DVDanger: Howling with The Pack

DVDanger runs with the dogs and wolves

Man's best friend no more: The wolf is at the door in Australian siege horror The Pack (Photo courtesy of IFC Midnight)

There is no worse nightmare for a farmer than finding your livestock dead. It’s an inevitable kick in the gut, made all the harsher when you realize they’ve fallen to predators. Australian siege-horror The Pack amplifies that nightmare by having humanity’s supposed best friend culpable.

The Wilsons are presented as a family divided. Father Adam (Jack Campbell) is living the Ocker dream of running his own sheep farm, but it's imploding; his wife Carla (Anna Lise Phillips) has set up a vet practice and kennel to cover the running costs; young son Henry (Hamish Phillips) doesn't want to leave their pastoral home; and elder daughter Sophie (Katie Moore) wishes they would sell up and move back to civilization. And something has been taking their flock, something that now has turned its attention to them.

The isolated family under siege by nature is scarcely a new plot device, but The Pack carries particular recent resonances of two specific examples: claustrophobic Irish supernatural horror The Hallow, and The Children. With the latter, it shares a sense of betrayal by something that should be loyal unleashing such sharp-fanged anger. The dogs or wolves or whatever they are (first-time director Nick Robertson plays that purposefully ambiguous) are truly monstrous, massive and snarling, but still plausible. They hunt as, well, a pack, with the family’s greatest error being that they underestimate their smarts. This is, after all, what they do. They hunt, and that hunt is grisly and fraught with blood-flecked terror.

Not that the family’s defense of their territory is all ear rubs and rolled newspapers over the nose. That “no animals were harmed” tag has rarely been more welcome, as their survival is dependent on a visceral and bone-crunching defense.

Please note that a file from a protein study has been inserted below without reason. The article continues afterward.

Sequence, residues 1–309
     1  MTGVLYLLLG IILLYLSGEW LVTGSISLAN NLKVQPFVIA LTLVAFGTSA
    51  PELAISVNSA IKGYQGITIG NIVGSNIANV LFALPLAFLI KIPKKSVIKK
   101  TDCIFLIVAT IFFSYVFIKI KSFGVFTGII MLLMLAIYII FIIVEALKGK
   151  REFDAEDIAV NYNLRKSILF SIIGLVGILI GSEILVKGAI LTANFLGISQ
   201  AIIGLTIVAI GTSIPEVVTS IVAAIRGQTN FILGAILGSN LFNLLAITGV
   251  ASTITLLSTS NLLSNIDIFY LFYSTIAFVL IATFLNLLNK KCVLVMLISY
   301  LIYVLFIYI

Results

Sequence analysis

The Pack’s success is that it taps into the simple, primal fear of wolves, and the terror of rural isolation. Robertson establishes simply, elegantly, and quite gruesomely that the animals are a threat, and then plays out the slow-burn pursuit inside and out of the family’s rambling, mansion-sized farmhouse. He finds decent reasons to split the clan up (mostly predicated on the parents' ill-applied dedication to protecting their pups), but most importantly he taps into the simple fact that nobody does wilderness horror like the Australians. The Outback is a murder machine, and the vast grazing lands that make it so attractive for rearing sheep make it the perfect environment for disposing of the hapless and witless.

So while it may never quite reach the near-impossible perfection of desiccated nihilist nightmare Wake in Fright or the more deeply humane Walkabout, it fits into the tradition of eco-terrors established to perfectly by Ozploitation classics like Lost Weekend.

The Pack (IFC/Scream! Factory) is available now on DVD and Blu-ray. Also out now and coming soon:

There's a Bad Moon rising for the ill-fated Michael Paré

Much like The Pack, 1996’s shaggy-dog shocker Bad Moon (Scream Factory) definitely doesn’t skimp on any gore. Yet this time the hound is not the source of terror, but the only defense against it.

A box office non-entity at the time, it brings together two great Eighties also-rans (Mariel Hemingway and Michael Paré) as sister and brother contending with an outbreak of lycanthropy (so far, so ho-hum). But what suddenly puts it over into the realm of fascinating is the hero isn’t human or wolf: It’s Thor (Primo), the family’s pet German shepherd.